How to Use MLA/APA for an Interview
Most citations for print and electronic media follow familiar formats. Often, limited differences exist between the Modern Language Association (MLA) and American Psychological Association (APA) styles guides. However, when you need to cite personal interviews, those familiar rules no longer apply, and each style guide instructs writers to follow its distinct guidelines. You do not even have to list interviews in APA reference lists; you must merely note them in the primary text. Conversely, MLA style requires both in-text and a "Works Cited" page citations for an interview. While the rules for citing interviews may seem atypical, they only require you to complete a few steps.
MLA: In-Text Citation
According to the seventh edition of the MLA Handbook, you should only cite sources conversationally when you create an in-text citation for an interview. Use the last name of the interviewee to introduce the sourced content. In the sentence, mention that the sourced medium is an interview. Otherwise, you do not need to include any other identifying information in parentheses. For example: During the interview, Nixon declared his innocence seven times.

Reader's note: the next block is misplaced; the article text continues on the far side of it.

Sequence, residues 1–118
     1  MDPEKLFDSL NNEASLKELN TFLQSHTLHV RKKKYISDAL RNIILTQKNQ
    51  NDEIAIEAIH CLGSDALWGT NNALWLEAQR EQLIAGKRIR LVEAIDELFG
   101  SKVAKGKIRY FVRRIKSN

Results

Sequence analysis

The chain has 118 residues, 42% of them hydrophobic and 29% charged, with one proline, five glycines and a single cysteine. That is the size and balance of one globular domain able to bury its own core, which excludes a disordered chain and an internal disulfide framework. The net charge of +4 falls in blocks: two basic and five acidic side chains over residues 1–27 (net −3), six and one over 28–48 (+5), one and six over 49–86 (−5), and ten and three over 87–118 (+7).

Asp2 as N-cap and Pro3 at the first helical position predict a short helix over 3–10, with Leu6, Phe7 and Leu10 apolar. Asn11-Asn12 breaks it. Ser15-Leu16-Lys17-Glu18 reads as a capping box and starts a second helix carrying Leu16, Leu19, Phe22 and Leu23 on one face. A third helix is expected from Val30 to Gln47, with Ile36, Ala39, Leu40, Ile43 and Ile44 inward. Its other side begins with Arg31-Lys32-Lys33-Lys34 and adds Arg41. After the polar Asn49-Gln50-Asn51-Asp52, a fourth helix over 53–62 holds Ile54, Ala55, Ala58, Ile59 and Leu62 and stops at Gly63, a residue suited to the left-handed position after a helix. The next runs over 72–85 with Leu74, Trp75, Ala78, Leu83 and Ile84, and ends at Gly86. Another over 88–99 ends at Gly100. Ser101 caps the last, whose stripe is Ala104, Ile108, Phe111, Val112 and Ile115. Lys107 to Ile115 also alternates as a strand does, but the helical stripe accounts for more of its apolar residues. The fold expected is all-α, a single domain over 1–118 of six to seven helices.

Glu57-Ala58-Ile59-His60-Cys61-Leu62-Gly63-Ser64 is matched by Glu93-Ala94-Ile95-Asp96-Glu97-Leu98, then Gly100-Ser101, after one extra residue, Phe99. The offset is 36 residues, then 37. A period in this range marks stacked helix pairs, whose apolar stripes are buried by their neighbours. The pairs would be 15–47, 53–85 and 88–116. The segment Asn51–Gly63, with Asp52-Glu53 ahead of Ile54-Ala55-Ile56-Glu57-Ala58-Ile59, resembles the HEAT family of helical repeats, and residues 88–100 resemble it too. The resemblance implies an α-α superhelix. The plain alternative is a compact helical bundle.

MLA: Interviews on Works Cited Pages
To begin citing an interview on an MLA “Works Cited” page, enter the interviewee’s name. Invert the name by placing the last name first, followed by a comma. Then, enter the full first name. Insert a period, and leave a space. Type the phrase “Personal interview.” Add the date of the interview in day-month-year format, using the abbreviation for the month. Enter a period immediately after the year to conclude the citation. For example: Nixon, Richard. Personal interview. 1 Apr. 1977.
APA: Parenthetical In-Text Citation
According to the sixth edition of the APA manual, there are two ways to cite interview sources in your primary text. The first option is to create a parenthetical citation that follows the sourced content. Leave a space after the last letter of the sourced content. Insert an open parenthesis. Enter the interviewee’s first initial, followed by a period and a space. Type the entire last name, and add a comma immediately after it. Leave a space, then type the phrase “personal communication” to indicate how you acquired the information. Insert a comma, and leave a space. Add the date of the interview in month-day-year format. Spell-out the month, and place a comma immediately after the day. Insert a close parenthesis to end the citation. The closing punctuation for the sentence that contains the sourced content should follow the parenthetical citation. For example: The former president continues to declare his innocence (R. Nixon, personal communication, April 1, 1977).
APA: An Alternative In-Text Citation
Alternatively, in APA style, you can introduce the subject of the interview conversationally with the sourced information then cite the rest of the identifying information parenthetically. For example: Nixon continues to declare his innocence (personal communication, April 1, 1977).
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